In time for Purim: Inscription bearing name of King Ahasuerus’s father found in Israel

Persian King Darius the Great’s name was found on a 2,500-year-old potsherd in Tel Lachish.

By Batya Jerenberg, World Israel News

In an archaeological first, the name of King Darius the Great, father of King Ahasuerus of Purim holiday fame, has been discovered in Israel, the Israel Antiquities Authority (IAA) announced Wednesday.

International Media adviser to President Isaac Herzog, Eylon Levy, was visiting the Tel Lachish National Park with a friend in December when they chanced upon a small inscribed potsherd adorned by a brief phrase.

They immediately reported it to the IAA, although they could not believe at first that they had made such an important discovery.

“When I picked up the ostracon and saw the inscription, my hands shook,” Levy said. “I looked left and right for the cameras, because I was sure someone was playing an elaborate prank on me.”

He was simply“walking around” and “turning over pieces of pottery and stones in my hand,” he said, when “suddenly, I found something that had letters on it, and I thought this was too good to be true.”

Two experts, Dr. Haggai Misgav of the Hebrew University of Jerusalem and the IAA’s own Saar Ganor, determined with some help from the Authority’s analytical laboratory scanners that the words were in Aramaic and said “Year 24 of Darius.”

Historically speaking, this would mean that the original container was made in 498 BCE, over 2,500 years ago. This was in the midst of the period in which Israel existed as part of the Idumean (Edomite) province of the Persian Empire.

Lachish was then a major, fortified city, responsible for the all-important collection of local taxes for the king. The ostracon was found in the area of an elaborate administrative building from the Persian period that had been uncovered in a 1930s excavation by the British Archaeological Expedition.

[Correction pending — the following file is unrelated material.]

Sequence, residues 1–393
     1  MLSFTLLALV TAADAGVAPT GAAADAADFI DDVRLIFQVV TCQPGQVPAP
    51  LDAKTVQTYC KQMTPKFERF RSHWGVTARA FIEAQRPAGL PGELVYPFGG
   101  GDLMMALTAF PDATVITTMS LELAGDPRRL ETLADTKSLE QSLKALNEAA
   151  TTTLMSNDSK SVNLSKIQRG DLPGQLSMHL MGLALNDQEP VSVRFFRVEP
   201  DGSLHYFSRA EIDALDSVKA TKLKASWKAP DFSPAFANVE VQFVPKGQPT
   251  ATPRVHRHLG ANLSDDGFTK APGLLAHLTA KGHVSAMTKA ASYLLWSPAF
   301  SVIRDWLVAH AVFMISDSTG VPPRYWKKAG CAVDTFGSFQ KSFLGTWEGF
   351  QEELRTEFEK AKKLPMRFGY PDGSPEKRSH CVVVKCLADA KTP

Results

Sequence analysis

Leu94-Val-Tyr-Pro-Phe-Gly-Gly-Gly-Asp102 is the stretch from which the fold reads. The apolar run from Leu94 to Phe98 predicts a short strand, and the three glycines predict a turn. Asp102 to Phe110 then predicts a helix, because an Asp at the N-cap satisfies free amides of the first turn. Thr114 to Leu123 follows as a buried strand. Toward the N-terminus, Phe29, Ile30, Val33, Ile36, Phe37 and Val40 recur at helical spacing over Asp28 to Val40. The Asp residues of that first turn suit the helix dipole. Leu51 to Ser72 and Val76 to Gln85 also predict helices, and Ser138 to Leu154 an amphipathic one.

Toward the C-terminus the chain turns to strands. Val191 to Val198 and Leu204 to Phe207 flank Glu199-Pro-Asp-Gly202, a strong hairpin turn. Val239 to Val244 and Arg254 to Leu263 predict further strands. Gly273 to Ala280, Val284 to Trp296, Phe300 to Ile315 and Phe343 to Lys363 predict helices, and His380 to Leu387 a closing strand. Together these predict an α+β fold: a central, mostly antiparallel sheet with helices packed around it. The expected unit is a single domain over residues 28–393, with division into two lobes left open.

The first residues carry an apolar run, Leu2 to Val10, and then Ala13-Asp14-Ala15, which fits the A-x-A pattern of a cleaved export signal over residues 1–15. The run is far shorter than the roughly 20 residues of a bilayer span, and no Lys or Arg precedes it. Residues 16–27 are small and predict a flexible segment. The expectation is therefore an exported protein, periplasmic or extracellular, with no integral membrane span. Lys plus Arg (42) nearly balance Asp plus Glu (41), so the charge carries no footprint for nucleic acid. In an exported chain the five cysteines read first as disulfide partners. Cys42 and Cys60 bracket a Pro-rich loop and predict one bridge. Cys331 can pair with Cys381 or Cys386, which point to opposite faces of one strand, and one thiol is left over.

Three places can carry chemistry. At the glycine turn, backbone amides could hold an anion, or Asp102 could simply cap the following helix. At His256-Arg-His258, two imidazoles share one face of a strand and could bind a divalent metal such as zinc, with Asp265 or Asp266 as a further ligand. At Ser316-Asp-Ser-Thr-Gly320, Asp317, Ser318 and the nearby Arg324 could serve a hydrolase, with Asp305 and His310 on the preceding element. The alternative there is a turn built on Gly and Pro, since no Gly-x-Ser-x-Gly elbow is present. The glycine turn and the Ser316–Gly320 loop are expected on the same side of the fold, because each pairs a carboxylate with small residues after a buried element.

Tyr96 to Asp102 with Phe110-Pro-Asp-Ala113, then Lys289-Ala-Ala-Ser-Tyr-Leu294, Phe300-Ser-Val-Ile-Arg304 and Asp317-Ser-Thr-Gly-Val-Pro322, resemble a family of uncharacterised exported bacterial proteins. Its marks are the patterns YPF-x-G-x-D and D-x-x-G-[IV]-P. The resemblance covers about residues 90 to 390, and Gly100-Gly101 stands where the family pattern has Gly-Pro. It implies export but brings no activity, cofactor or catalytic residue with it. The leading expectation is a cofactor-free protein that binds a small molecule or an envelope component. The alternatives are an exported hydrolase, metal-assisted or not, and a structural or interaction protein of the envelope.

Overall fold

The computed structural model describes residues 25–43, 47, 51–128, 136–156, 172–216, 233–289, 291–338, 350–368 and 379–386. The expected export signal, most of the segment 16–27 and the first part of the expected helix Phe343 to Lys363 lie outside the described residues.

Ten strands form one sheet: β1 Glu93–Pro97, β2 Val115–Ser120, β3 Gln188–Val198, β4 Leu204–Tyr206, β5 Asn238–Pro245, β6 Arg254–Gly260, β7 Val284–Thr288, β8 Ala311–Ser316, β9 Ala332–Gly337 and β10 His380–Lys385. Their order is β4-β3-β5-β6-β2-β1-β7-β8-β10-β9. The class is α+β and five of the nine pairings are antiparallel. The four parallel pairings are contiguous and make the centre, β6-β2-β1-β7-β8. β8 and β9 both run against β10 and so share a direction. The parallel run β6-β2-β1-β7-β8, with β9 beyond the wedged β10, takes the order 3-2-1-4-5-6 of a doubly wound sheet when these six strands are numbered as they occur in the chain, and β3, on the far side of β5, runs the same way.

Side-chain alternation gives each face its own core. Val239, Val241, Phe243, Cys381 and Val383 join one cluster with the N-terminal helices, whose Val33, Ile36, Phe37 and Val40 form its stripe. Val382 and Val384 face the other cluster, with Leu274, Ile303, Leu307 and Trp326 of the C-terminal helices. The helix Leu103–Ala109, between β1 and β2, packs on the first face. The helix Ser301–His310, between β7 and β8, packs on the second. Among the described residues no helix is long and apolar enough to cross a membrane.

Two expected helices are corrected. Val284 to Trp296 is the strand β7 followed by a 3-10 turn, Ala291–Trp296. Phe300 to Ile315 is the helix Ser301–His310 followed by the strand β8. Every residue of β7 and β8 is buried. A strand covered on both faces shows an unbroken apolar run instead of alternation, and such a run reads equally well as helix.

The IAA announcement theorized that the potsherd “may have been an administrative note, akin to a receipt for goods or for their dispatchment.”

The IAA emphasized the importance of having finally found physical documentation in Israel of the existence of King Darius, who is called “the Great” for having expanded his empire’s boundaries tremendously during his 36-year reign.

His son, King Ahasuerus (Xerxes in Greek), is even more famous among Jews than his father, however, as he was the monarch who plotted with the evil Haman to murder all the Jews in his 127-country realm before the courageous Queen Esther overturned the plan and saved her people.

The holiday commemorating the miraculous turn of events, Purim, will be celebrated next week. IAA director Eli Escuzido summed up the find by saying that Ahasuerus “could never have imagined that we would find evidence of his father in Israel 2,500 years after the dramatic events in his royal court.”

The post In time for Purim: Inscription bearing name of King Ahasuerus’s father found in Israel appeared first on World Israel News.

Leave a Reply

Your email address will not be published. Required fields are marked *